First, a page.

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Thursday, March 5, 2020

"Lent in Plain Sight" (Jill J. Duffield)

TITLE: Lent in Plain Sight
AUTHOR: Jill J. Duffield
PUBLISHER: Louisville, KY: Westminster John Knox Press, 2020, (169 pages).

It is popularly said, "Seeing is believing." Faith reverses the paradigm to say that belief is seeing. In the Bible, especially the book of Hebrews, we read of people of faith who believed even when they have not seen the results. Having eyes of faith essentially means we believed even when our eyes do not see God. Having said that, it is entirely appropriate to use signs to point us to God, just like Jesus's seven signs in the gospel of John, that all points to Him and His working out of the will of God. Without derailing our minds on the need for faith to be fixed on the invisible God, we can use objects as reminders of that very focus. We don't worship the things or focus our devotions on these things. Like a prayer mat to enable us to kneel or a quiet room to help us focus on prayer in silence, objects can enhance our remembrance of Christ's journey to the cross. Enters this Lent devotional with ten objects to help us do just that.

Dust reminds us of how we have been created. This is most appropriate as Lent begins on Ash Wednesday, where believers are reminded that "ashes to ashes, dust to dust," we were created from dust, and our bodies will return to the earth as dust. Dust reminds us we are mortal; that we are limited; and that we are created beings made in the image of God. Bread reminds us of gratitude to God, and about the Lord's prayer where we ask for our daily bread. The Cross is about self-denial, and has much to do with the call to discipleship, to caution us of the cost of discipleship. It entails the suffering and pain that we all experience from time to time. Coins prompt us of the various episodes in the gospels; how Jesus answered the Pharisees with regard to paying taxes; how the poor widow's donation of two copper coins exceed the giving of the rich; and the parable of the lost coin. They also warn us about the betrayal of Jesus, because of Judas Iscariot's greed and self-interests. Shoes point out the holiness of God, how Moses was specifically told to remove his shoes as he was standing on holy ground. They emphasize our mission for Christ; humility to tie other shoelaces; wearing the armour of God with shoes as instruments of peace. Oil is for anointing; for preparing our lamps in anticipation of Christ's coming; for generosity; for compassion, healing, etc. Come Holy Week, the author introduces four more objects to guide us through our Lenten journey. The Coat marks the entry into Jerusalem on Palm Sunday. The Towel brings us back to the Upper Room where Jesus washes the disciples' feet and asks them to do the same for others. The Thorn is a reminder of the crown of thorns Jesus had to bear. Finally, Stone is about the tomb where Jesus was buried; albeit a soon-to-be- empty tomb.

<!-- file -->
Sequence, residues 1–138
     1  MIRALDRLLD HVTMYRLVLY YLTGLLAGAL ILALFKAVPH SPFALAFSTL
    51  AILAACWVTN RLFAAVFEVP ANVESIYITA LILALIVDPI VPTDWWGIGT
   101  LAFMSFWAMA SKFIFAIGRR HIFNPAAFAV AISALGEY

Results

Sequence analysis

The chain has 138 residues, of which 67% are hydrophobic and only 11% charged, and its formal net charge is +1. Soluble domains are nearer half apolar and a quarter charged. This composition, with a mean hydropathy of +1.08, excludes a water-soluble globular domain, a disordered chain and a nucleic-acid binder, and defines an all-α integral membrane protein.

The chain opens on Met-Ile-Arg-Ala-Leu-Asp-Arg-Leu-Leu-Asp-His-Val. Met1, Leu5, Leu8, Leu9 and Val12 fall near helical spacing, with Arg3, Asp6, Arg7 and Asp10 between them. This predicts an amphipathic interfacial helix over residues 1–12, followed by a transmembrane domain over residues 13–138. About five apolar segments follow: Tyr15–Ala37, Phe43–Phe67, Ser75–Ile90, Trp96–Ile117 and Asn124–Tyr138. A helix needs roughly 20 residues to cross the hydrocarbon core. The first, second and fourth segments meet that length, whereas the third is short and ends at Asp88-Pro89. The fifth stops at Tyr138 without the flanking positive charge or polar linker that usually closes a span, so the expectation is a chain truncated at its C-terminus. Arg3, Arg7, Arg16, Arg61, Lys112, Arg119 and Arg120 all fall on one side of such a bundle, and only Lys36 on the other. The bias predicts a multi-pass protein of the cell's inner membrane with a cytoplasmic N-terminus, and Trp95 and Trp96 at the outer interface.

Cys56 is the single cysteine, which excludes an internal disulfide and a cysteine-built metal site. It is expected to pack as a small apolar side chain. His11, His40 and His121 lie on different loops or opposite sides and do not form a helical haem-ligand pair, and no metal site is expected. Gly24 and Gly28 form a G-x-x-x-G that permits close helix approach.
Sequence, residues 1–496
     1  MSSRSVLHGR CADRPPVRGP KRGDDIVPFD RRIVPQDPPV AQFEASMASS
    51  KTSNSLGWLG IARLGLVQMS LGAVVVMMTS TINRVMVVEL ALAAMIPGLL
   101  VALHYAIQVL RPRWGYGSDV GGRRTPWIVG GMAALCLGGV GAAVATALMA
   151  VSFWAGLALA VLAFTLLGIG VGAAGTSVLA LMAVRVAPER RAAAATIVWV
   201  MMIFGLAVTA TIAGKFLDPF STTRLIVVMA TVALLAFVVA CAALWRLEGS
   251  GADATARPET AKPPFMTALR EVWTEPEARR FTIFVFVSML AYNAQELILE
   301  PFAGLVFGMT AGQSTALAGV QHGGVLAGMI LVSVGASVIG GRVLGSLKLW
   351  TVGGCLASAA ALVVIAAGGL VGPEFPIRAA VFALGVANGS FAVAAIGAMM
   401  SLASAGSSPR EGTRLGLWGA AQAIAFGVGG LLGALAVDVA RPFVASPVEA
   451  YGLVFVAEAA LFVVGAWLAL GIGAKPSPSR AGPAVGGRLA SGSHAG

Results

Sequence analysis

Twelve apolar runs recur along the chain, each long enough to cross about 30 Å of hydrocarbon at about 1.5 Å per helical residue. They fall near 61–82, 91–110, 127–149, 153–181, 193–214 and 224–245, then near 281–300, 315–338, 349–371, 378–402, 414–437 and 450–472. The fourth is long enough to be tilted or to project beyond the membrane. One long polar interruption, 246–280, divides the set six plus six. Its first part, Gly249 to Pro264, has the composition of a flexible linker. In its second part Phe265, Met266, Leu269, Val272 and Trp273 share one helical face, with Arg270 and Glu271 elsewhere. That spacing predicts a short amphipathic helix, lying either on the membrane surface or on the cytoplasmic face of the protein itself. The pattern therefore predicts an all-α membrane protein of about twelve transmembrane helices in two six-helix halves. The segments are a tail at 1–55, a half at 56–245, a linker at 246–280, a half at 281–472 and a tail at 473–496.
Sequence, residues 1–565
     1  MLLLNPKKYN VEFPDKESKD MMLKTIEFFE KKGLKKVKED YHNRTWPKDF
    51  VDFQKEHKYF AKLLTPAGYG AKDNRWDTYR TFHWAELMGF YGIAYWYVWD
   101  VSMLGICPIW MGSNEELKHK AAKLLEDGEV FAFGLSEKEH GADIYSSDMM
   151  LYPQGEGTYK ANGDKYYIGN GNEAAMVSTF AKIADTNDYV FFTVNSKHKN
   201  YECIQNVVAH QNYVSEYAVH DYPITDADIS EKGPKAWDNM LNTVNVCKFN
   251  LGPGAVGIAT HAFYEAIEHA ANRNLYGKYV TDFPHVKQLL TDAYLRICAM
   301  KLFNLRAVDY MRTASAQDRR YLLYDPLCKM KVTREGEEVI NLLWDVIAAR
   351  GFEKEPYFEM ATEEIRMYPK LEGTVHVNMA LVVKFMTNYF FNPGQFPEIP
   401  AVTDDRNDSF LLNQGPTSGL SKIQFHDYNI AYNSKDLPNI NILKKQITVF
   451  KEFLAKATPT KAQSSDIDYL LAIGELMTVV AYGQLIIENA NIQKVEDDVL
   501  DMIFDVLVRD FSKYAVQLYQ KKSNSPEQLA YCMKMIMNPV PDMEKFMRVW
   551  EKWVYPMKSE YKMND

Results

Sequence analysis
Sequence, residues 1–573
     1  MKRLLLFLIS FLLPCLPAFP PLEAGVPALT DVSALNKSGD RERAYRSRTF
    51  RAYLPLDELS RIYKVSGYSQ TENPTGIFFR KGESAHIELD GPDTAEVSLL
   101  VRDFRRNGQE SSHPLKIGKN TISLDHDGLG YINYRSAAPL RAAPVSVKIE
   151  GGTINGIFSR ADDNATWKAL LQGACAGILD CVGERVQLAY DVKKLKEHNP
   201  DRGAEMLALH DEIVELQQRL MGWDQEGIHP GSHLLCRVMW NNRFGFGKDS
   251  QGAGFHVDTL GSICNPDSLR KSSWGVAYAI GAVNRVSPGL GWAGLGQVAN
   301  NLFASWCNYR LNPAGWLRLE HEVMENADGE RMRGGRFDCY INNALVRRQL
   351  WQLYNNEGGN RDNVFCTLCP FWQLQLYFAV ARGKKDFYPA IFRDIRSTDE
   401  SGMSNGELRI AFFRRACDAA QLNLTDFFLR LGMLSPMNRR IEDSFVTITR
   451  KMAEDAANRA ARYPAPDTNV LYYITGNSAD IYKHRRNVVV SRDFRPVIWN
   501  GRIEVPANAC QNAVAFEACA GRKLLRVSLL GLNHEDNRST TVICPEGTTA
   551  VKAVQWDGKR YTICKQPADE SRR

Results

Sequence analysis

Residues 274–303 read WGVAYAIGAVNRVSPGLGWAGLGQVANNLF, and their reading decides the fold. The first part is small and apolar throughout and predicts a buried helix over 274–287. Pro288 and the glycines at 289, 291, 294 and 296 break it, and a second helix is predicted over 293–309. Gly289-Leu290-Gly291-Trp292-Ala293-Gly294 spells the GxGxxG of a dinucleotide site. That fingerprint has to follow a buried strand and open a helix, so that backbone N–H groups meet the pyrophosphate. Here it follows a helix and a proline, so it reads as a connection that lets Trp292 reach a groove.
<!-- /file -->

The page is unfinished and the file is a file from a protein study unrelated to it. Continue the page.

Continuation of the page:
The book is a delightful refresher of many biblical scenes which are familiar to many of us. Duffield shows us that it is entirely possible and fruitful to let objects point us to the teachings and ministry of Jesus; and our call to follow Him. This is a brilliant idea to use simple objects to show us the journey of Christ. We can easily expand this idea to the other occasions of the Christian year. Epiphany, Pentecost, Advent, and Christmastide! What I like about this book is the simplicity and easy availability of the everyday objects. They are not difficult to find. We can even download images of these objects on our computer desktops and use them as wallpapers as a regular reminder of our Lenten journey. The chapters are brief, exactly what devotionals ought to be. They are also framed with the typical format:

  • Date of reading
  • Scripture Passage
  • Brief Meditation
  • Questions for Reflection
  • Prayer for the Day

Has the book open one's eyes and ears to see God's power and providence? Yes, for they point us to the Word of God. Has the book inspire us toward walking closer to the cross? Yes, for each day leads us closer to the entry to Jerusalem and the subsequent, death, burial, and resurrection. Are these objects able to help us pay more attention to the things and thoughts of God? Yes. They are no longer things per se, but pointers to our God of all creation. This is a wonderful devotional to read, to keep, to gift, and to journey along during the Lenten season.

Jill J. Duffield is editor of The Presbyterian Outlook. She holds an MDiv from Union Presbyterian Seminary and a DMin from Austin Presbyterian Theological Seminary with a concentration in preaching. She lives in Charlottesville, Virginia.

Rating: 4.5 stars of 5.


This book has been provided courtesy of Westminster John Knox Press and NetGalley without requiring a positive review. All opinions offered above are mine unless otherwise stated or implied.

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